CAIRO - Egypt's deputy prime minister will propose a way out of a bloody confrontation between the security forces and the Muslim Brotherhood of deposed president Mohammed Morsi when the cabinet discusses the crisis on Sunday.
But his ideas seemed to run counter to a suggestion by the prime minister to dissolve the Islamist organization, the target of a fierce crackdown by the army-backed government last week.
The authorities declared a state of emergency and killed hundreds of people in raids on Wednesday on protest camps set up in Cairo to demand Morsi's reinstatement.
The capital's frenetic streets, unusually empty in the past few days, were returning to normal on Sunday, although the army kept several big squares closed and enforced a curfew overnight.
At night, soldiers standing beside armored personnel carriers man checkpoints, and vigilantes inspect cars for weapons.
Clashes flared briefly on Saturday when Morsi supporters exchanged fire with security forces in a central Cairo mosque, where scores of Muslim Brotherhood protesters had sought refuge from confrontations with police the day before.
Police finally cleared the building and made a string of arrests, with crowds on the street cheering them on and harassing foreign reporters trying to cover the scene.
"We as Egyptians feel deep bitterness towards coverage of the events in Egypt," presidential political adviser Mostafa Hegazy said, accusing Western media of ignoring attacks on police and the destruction of churches blamed on Islamists.
The initiative by Deputy Prime Minister Ziad Bahaa el-Din, a liberal, calls for an immediate end to the state of emergency, political participation for all parties and guarantees of human rights, including the right to free assembly.
The Brotherhood has said it will keep up mass protests until Morsi, toppled by the army on July 3 after huge demonstrations against him, is freed from jail and returned to office.
It was not clear how much support Bahaa el-Din's proposal, seen by Reuters, could gain among the new leaders of a deeply polarized Arab republic experiencing the worst bout of bloodshed and internecine conflict in its six-decade history.
Blaming a defiant Brotherhood for the bloodletting, Prime Minister Hazem el-Beblawi has proposed banning the 85-year-old movement and effectively forcing it underground.
"There will be no reconciliation with those whose hands have been stained with blood and who turned weapons against the state and its institutions," Beblawi told reporters on Saturday.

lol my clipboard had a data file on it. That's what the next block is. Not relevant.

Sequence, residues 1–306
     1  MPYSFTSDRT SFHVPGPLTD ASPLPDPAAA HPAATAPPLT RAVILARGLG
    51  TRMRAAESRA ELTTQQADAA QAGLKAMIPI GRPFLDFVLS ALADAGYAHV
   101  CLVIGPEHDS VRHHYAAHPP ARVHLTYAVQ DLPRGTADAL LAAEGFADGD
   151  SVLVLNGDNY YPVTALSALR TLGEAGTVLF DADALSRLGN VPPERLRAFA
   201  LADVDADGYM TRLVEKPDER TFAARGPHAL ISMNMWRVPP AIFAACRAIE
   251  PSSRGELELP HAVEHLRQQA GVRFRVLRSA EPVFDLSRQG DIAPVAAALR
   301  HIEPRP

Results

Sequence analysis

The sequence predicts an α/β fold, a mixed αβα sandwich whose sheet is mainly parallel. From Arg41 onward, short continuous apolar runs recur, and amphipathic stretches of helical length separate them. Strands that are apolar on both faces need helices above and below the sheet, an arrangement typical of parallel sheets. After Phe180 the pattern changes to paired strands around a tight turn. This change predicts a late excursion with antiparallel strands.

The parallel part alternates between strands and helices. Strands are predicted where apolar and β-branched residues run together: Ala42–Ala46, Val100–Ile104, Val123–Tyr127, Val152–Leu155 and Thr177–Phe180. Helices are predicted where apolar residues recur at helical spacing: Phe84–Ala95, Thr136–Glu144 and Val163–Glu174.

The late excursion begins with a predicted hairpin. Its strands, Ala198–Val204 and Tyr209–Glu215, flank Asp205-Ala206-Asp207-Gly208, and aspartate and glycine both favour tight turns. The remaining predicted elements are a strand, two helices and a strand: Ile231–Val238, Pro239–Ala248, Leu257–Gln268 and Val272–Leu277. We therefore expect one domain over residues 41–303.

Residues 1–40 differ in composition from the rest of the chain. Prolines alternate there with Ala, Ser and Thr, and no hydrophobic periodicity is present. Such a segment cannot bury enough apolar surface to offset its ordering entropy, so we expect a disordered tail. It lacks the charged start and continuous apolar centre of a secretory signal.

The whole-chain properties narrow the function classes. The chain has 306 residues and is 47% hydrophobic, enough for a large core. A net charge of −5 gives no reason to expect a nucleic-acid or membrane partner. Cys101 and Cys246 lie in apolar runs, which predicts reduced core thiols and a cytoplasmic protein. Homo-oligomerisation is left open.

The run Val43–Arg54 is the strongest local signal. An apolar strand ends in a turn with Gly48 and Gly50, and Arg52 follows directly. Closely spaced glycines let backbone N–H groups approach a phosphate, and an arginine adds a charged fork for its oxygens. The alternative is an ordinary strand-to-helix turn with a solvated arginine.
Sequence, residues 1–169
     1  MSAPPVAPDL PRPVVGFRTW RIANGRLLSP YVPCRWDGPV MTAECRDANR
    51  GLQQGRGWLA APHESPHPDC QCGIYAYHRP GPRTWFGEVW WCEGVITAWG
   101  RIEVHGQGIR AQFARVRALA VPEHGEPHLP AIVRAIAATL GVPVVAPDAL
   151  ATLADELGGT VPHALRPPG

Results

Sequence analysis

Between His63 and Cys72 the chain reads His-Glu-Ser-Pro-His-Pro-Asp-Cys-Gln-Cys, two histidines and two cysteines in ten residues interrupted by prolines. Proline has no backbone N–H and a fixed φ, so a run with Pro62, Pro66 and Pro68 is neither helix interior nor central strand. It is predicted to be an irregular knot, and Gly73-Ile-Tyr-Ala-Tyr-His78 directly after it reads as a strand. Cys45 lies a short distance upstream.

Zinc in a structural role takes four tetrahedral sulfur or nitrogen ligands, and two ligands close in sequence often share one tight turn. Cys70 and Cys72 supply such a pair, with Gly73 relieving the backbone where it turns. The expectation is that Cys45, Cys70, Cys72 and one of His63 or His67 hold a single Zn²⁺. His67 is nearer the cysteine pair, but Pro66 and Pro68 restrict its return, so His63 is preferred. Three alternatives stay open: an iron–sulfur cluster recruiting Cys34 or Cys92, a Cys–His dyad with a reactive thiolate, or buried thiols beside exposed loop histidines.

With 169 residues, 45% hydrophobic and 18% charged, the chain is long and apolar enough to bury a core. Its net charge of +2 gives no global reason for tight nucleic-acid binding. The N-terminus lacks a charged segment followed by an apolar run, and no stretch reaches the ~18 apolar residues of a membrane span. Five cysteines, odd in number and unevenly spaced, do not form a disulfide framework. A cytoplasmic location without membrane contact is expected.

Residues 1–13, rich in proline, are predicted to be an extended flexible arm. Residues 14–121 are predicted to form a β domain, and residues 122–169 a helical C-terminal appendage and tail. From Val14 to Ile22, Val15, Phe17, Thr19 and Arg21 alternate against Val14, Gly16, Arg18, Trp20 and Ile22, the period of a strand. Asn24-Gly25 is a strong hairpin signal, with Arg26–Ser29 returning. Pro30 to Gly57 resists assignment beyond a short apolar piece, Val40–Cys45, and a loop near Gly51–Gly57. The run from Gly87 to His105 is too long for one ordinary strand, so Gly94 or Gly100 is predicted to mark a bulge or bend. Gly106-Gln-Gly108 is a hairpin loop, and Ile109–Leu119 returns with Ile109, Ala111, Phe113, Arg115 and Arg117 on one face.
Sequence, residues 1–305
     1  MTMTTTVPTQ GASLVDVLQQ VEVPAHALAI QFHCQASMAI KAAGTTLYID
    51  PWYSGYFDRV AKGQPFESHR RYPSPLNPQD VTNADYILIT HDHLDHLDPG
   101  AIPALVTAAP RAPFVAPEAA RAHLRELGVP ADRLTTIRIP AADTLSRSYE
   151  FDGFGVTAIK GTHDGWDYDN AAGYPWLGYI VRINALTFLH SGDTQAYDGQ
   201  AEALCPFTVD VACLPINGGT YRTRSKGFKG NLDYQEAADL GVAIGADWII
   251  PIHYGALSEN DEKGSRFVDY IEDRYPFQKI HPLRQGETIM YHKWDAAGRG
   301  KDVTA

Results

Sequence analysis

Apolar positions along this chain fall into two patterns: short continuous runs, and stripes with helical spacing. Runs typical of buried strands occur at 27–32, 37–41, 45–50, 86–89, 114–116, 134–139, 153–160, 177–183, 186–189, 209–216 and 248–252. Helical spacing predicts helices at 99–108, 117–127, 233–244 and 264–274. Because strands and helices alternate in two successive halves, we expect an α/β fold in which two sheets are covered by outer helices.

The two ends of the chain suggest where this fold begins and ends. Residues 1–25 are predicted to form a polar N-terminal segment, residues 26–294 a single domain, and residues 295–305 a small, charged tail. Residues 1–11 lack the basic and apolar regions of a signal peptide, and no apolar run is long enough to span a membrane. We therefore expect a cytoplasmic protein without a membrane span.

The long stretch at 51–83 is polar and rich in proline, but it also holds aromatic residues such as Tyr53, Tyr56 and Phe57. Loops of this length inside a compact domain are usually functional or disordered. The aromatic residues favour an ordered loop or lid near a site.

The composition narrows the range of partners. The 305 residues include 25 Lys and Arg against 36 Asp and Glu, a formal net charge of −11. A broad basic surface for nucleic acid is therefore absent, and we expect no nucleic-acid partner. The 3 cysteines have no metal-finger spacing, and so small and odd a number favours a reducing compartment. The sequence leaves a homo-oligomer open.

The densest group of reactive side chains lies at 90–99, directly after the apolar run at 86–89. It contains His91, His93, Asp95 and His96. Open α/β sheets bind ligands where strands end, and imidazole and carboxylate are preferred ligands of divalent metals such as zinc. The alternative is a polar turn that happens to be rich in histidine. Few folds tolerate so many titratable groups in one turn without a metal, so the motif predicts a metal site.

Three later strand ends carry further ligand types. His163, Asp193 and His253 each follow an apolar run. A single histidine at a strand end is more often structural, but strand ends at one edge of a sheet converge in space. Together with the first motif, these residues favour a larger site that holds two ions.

Bahaa el-Din stayed in office even after a leading fellow-liberal, Deputy President Mohamed ElBaradei, resigned over the violent break-up of the protest camps in Cairo on Wednesday.
His proposal does not address Morsi's fate or specifically call for an amnesty for detained leaders of the Brotherhood.
The Islamist organization, which won five successive votes held in Egypt since the fall of President Hosni Mubarak in 2011, now faces the prospect of political elimination by army-backed rulers who say the most populous Arab nation is at war with "terrorism."
During Morsi's year in power, accusations of incompetence and attempts to monopolies government tarnished the reputation the Brotherhood had acquired for social work and upholding Islamic principles in 30 years of opposition to Mubarak.
Brotherhood leaders accuse the military of deliberately sabotaging their time in office and plotting their demise.
More than 700 people have died, most of them backers of Morsi, in four days of violence. That has earned Egypt stiff condemnation from Western nations, uncomfortable with Islamist rule but also with the overthrow of an elected government.
Council President Herman Van Rompuy and European Commission President Jose Manuel Barroso called on all sides to show restraint and prevent further violence, saying the EU would "urgently review in the coming days its relations with Egypt and adopt measures aimed at pursuing these goals".
The crackdown has, however, drawn messages of support from wealthy Arab allies such as Saudi Arabia, which have long feared the spread of Brotherhood ideology to the Gulf monarchies.
U.N. Secretary-General Ban Ki-moon condemned attacks on churches, hospitals and other facilities, saying the authorities and politicians shared responsibility for ending the violence.